Osteoporosis: The Genetic Factor

Health, Home & Family
on October 19, 2008

Susan Hume, 54, of Shelton, Conn. (pop. 38,101), always has prided herself on the care she takes of her body. Small and thin, she keeps herself fit with dancing and works out with weights several days a week. She is a vegetarian, although she does eat fish, and shes always been relatively healthy. So when a bone scan two years ago led to a diagnosis of osteopenialow bone massshe nearly fell off the medical examining table with shock. I just assumed my bone scan would be stellar, she said. Ive worked out all my life!

And though the diagnosis may have taken her by surprise, Hume certainly is not alone in her diagnosis. The National Osteoporosis Foundation estimates that about 55 percent of people age 50 and older face the threat of osteoporosismen as well as womenand 34 million already have osteopenia.

Unfortunately, despite her good exercise habits, Hume had several characteristics that increase her risk for osteopenia and its more serious cousin, osteoporosis: She is Caucasian, petite and thin; she smoked during her teens and 30s; and for years she skipped meals and ate poorly, the result of a stressful job and little interest in food. And though Hume may not have thought much about her bones when she was young, her osteopenia diagnosis makes sense to Dr. Tim D. Spector, a rheumatologist who notes that bone actually is living tissue that is greatly affected by diet and exerciseespecially early in life.

To find her greatest risk factor, though, Hume had to look no further than her family tree: Her 89-year-old mother has osteoporosis, as did her paternal grandmotherhereditary facts that dont bode well for Hume. According to the National Osteoporosis Foundation, research suggests that if either of your parents had osteoporosis or have a history of broken bones, your risk is greatly increased.

Susans sister, Samantha Hume, 51, of Fairfield, Conn. (pop. 57,340), didnt wait for the familys history of osteoporosis to catch up with her. Her wake-up call came several years ago when their mother broke her hip. It got me thinking back to my fathers mother and how she always tried to stand up straight but could not because she had (developed a hump) from osteoporosis, Samantha says.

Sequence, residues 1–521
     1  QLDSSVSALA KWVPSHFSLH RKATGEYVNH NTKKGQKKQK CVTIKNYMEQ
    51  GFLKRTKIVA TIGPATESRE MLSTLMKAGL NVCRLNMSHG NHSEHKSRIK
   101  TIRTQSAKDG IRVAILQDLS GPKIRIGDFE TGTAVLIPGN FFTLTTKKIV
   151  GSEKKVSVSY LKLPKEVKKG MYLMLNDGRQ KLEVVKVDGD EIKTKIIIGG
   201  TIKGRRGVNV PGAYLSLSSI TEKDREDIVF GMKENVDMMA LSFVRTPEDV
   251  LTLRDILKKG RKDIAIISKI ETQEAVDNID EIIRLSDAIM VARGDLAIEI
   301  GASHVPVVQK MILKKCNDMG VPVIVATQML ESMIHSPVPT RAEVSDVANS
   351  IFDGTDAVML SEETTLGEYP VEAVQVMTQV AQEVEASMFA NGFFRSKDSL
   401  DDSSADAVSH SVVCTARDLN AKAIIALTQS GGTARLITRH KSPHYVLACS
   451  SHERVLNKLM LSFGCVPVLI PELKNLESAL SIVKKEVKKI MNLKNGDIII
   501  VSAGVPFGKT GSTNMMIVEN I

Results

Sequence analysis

Someday, Dr. Spector says, there will be a simple test for genetic factors that increase your risk of osteoporosis. If youre deemed to have a higher risk, doctors will simply start you on vitamin D and calcium supplements, even medication, before any bone loss occurs. But that day hasnt arrived yet.

While we know that there are genetic components to osteoporosis, a lot of studies have contradicted one another, said Dr. Bradley T. Tinkle, director of the Skeletal Dysplasia Center at Cincinnati Childrens Hospital Medical Center. Nonetheless, If you have older relatives in your family who had osteoporosis then you should be wary and understand that you likely have some genetic predisposition for weakened bones.

Once youve determined that bone disease runs in your family, be proactive. Thats what Susan Hume did. Under the advice and guidance of her doctor, she immediately began taking daily supplements of vitamin D and calcium. She also loaded her diet with calcium-rich greens and fish such as salmon and sardines.

She hasnt returned yet for a follow-up bone scan, but hopes that when she does in six months, the scan will show no further bone loss, maybe even some gain. And although Samanthas bones remain strong, she takes supplemental calcium and vitamin D and follows a high-calcium diet like her sister. Considering her family tree, she knows better than to take any chances.